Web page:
Feds won't fume over Fiorina getting her pink slip
Michael J. Bechetti
'The star-nosed mole sweeps its feelers back and forth 13 times a second while feeding,' recited the Rat's youngest son as he wrote his science report. 'When it finds food, it snatches it up in less than a fifth of a second.'
'Wow, those little suckers move fast,' the whiskered one thought aloud. 'Almost as fast as the webmasters at Hewlett-Packard Co. who yanked down Carly Fiorina's bio after the HP board fired her.'
Indeed, immediately after the news of her ouster broke, Web surfers were treated to a 404 error instead of Fiorina's bio. Heads are still spinning over the sudden purge of Fiorina, whose departure was greeted by many HP partisans with the same glee that the crowd displayed at Marie Antoinette's last haircut.
Carly ran a pretty mean guillotine herself, the Rat mused. She executed a lot of software that once had a decent foothold in the federal market, including HP OpenMail and the former Bluestone Java application server. And she drove others, such as the HP-UX Unix operating system, into virtual market exile in favor of big-screen televisions.
So it should come as no surprise that there are a fair number of feds who are happy about Fiorina's fall. Most of them are among the pocket-protector set.
HP used to be an engineer's company, and many government engineers seemed in perpetual geek love with HP's hardware and software.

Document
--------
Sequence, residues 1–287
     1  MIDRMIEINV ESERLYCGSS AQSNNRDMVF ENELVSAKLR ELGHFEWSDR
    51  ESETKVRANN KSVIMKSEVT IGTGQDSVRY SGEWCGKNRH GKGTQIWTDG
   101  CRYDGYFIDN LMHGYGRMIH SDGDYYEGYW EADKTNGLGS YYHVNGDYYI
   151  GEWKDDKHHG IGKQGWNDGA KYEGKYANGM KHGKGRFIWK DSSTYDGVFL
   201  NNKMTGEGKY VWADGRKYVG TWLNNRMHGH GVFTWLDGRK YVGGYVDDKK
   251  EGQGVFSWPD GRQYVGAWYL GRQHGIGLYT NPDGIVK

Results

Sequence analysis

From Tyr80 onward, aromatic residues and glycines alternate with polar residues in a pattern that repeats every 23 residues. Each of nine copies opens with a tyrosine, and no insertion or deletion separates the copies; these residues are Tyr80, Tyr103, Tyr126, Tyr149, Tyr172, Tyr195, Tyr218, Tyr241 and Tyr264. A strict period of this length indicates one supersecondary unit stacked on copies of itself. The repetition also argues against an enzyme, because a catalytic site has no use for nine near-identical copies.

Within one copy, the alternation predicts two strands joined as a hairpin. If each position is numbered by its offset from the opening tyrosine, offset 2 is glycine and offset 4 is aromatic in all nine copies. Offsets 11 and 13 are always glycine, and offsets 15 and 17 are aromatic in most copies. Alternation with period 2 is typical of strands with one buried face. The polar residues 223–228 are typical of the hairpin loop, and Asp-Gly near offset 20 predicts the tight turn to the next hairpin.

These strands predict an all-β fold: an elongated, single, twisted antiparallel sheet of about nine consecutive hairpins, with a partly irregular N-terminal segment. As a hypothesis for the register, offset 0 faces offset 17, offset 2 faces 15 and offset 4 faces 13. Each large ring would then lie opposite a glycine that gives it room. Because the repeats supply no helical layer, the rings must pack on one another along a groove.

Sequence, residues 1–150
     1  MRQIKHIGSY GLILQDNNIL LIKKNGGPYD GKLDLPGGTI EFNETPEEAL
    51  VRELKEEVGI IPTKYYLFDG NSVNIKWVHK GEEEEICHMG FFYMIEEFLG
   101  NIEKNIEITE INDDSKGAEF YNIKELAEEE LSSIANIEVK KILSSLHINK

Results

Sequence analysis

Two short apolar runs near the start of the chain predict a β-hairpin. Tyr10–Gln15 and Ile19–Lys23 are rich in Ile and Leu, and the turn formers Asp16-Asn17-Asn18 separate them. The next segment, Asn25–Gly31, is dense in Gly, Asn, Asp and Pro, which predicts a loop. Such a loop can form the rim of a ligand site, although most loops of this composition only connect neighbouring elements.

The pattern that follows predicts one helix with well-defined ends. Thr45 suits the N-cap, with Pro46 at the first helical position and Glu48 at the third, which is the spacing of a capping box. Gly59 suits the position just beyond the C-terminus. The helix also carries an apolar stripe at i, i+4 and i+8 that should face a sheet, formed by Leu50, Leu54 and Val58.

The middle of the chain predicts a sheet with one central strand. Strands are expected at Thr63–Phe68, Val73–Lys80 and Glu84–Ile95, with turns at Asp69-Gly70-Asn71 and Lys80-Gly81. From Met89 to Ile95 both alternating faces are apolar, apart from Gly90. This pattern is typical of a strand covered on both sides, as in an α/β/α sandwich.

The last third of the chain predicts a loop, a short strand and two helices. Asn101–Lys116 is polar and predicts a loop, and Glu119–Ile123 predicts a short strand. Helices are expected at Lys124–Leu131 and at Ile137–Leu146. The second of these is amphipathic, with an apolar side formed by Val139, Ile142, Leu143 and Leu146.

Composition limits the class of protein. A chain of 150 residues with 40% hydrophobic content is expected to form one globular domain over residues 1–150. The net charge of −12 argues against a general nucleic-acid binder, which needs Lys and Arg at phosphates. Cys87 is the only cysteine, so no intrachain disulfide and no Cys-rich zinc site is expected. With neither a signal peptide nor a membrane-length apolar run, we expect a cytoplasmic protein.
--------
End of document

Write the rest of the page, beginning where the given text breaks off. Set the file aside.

Fiorina jilted them by spinning off HP's instrument unit and flushing much of the company's engineering Shangri-La image down the toilet.
It's not like everything HP did under Fiorina's watch alienated techies, though. The decline of HP-UX was due mostly to the company's adoption of the Linux cause. In fact, HP's support of open-source projects has been substantial.
No one is saying Fiorina was fired for her strategy. HP's chief financial officer Robert Wayman, now the interim CEO, has said there won't be a strategy change. It seems Fiorina's real failing was that she couldn't move on the strategy fast enough'and she wasn't good at delegating any of it.
'She bit off more than she could chew,' the Rat reflected.
'Speaking of chewing, the star-nosed mole can swallow 10 mouthfuls of worm in 2' seconds,' the young ratling continued. 'It's the fastest-eating mammal in the world!'
'Faster than Michael Capellas can broker a merger, but not much,' the cyberrodent snickered. The former Compaq CEO, who moved on to MCI Inc. after the HP merger, has apparently come out of the deal A-OK. Having just arranged his new company's acquisition by Verizon Communications Inc., Capellas is now apparently in the running for Fiorina's job.
'Heck, maybe one of those industrious moles would be good for the job,' the Rat joked.
'I don't think so,' his son said. 'They feel for food with their noses and gobble it up in a flash. Didn't you say the only thing a CEO needs is good table manners?' The Packet Rat once managed networks but now spends his time ferreting out bad packets in cyberspace. E-mail him at .